There are many paths to successful and enjoyable marathon swimming, and wetsuits aren't biscuits.

Thursday, 3 March 2016

While I was away....

While I was away from the blog, there's been a couple of notable happenings. The first is very much about swimming - my decision to sign on with the Lake Geneva Swimming Association to have a crack at swimming the length of Lake Geneva (from Bouveret to Geneva - all 69 km of it). US swimmer, Jaimie Monahan completed it last year in just under 33 hours, following in the footsteps of two Swiss swimmers -  Vedika Bolliger in 1999 (42.45) and Alan Charmey in 1986 (22.43). It's a bit of a monster swim, and I'm slightly frightened of it, but I'm curious to see what a swim of that magnitude feels like. I've never swum into and through a whole night, and I've never swum anything like that distance in fresh water, so it's a bit of leap into the dark. But go to the website and look at the scenery - it's jaw-droppingly beautiful.

The LGSA is a new organisation, and I think that quite a few people will be having a go at this newcomer to the swimming scene this summer. My swim's not until the end of August, so I'm planning to watch and learn from others. And I'll be swimming. A lot. Key training points include a trip to Lanzarote for some early long distance training in April, and then at the end of June, I'll be trying to do a double Windermere (21 miles) followed by a single Windermere the next day, which, if all goes well, should enable me to more than meet the LGSA qualifying criteria of a 7 hour swim followed by a 6 hour swim the next day. Many thanks to Mark Robson for offering to help with the piloting and logistics of this. Otherwise, I expect you'll be able to find me hanging out in the Lake District over the summer, churning out the miles in some of my favourite swim spots. Fingers crossed for a safe, injury-free run-up.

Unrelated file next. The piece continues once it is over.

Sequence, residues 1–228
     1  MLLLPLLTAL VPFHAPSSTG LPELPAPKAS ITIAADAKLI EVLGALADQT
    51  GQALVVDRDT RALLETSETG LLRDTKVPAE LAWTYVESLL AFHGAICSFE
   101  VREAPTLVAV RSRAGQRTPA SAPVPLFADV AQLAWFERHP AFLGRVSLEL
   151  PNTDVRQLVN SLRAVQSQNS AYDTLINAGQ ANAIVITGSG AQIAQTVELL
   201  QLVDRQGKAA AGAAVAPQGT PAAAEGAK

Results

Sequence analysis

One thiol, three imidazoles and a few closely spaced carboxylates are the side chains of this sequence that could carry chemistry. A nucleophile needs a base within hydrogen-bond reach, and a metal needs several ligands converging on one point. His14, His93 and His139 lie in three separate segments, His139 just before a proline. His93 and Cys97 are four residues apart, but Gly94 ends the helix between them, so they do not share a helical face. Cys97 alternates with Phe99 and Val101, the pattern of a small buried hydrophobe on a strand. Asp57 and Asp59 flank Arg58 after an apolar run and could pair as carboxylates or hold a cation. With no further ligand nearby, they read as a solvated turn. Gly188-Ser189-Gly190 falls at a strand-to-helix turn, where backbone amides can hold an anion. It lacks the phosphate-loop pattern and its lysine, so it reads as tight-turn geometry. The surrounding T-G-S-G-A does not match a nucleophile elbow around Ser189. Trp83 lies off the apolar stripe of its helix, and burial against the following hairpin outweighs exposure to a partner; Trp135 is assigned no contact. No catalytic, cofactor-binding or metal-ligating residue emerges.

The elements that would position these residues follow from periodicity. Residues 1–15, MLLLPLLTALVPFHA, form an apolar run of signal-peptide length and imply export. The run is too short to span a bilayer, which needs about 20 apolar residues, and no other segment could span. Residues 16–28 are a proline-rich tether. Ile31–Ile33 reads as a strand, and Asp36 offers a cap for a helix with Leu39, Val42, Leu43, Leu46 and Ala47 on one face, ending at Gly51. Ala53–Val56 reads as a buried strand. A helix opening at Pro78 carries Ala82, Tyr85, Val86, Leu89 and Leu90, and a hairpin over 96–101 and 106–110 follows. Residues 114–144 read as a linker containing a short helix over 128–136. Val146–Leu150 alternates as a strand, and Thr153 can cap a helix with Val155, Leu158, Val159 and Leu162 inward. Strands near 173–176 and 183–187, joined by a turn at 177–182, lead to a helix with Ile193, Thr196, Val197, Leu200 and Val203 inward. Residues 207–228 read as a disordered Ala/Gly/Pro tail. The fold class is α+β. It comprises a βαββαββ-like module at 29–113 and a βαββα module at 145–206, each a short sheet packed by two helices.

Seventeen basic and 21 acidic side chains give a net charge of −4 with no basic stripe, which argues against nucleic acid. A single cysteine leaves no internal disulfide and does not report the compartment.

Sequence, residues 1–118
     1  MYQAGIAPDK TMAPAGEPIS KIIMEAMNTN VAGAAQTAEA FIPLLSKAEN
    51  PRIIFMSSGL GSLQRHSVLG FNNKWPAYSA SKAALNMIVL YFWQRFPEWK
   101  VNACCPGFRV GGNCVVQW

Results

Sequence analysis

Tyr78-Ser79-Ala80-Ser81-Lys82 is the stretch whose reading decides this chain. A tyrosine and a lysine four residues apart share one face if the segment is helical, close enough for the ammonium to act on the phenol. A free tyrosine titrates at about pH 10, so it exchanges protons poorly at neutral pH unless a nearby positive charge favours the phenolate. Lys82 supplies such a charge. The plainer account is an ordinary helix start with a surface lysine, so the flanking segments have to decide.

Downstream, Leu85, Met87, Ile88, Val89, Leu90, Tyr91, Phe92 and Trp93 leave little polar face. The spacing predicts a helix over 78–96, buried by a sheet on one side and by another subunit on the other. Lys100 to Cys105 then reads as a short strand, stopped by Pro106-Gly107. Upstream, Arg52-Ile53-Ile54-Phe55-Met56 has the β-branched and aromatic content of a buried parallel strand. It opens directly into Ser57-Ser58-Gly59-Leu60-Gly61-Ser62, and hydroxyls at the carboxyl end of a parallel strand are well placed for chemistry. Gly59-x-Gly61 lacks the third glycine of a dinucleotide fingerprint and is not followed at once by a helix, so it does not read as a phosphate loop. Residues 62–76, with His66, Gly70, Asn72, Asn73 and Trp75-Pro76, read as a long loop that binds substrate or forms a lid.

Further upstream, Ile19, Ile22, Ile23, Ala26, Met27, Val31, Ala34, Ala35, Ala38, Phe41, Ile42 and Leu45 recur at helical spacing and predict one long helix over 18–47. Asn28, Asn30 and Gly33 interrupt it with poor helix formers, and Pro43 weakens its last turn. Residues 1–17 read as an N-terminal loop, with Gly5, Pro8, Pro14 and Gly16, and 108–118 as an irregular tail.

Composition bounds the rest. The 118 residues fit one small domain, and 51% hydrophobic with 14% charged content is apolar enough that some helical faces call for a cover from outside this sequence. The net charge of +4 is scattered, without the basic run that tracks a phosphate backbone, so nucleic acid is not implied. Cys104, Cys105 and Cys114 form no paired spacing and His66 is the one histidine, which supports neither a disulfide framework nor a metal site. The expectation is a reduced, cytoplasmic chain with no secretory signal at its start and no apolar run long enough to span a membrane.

The second development relates to the decision I made last August to become a vegan - that is, to eliminate all food sources derived from animals (meat, fish, dairy, honey etc). In the first instance, this has been confined to my diet (I haven't decided yet whether to take this further (clothing, anti-chafing products like Desitin and Sudacrem etc)) and the decision comes after 30 years of vegetarianism. I think that my move to the countryside finally tipped me over the edge (sheep bleating all night for the lambs taken away etc), but I've been bothered for a while by the inconsistency of a vegetarian position based primarily on resistance to animal cruelty and exploitation (as mine was). It's not been an entirely easy transition - I found giving up cheese in particular very difficult, and lots of entrenched habits of eating left me feeling very lost at first. But as the weeks have progressed into months, I gradually adapted to my new diet. The trick, I was advised, is to crowd out dairy with new foods; I have expanded my previously quite limited culinary repertoire and have enjoyed exploring new ways to eat and get the nutrition that I need.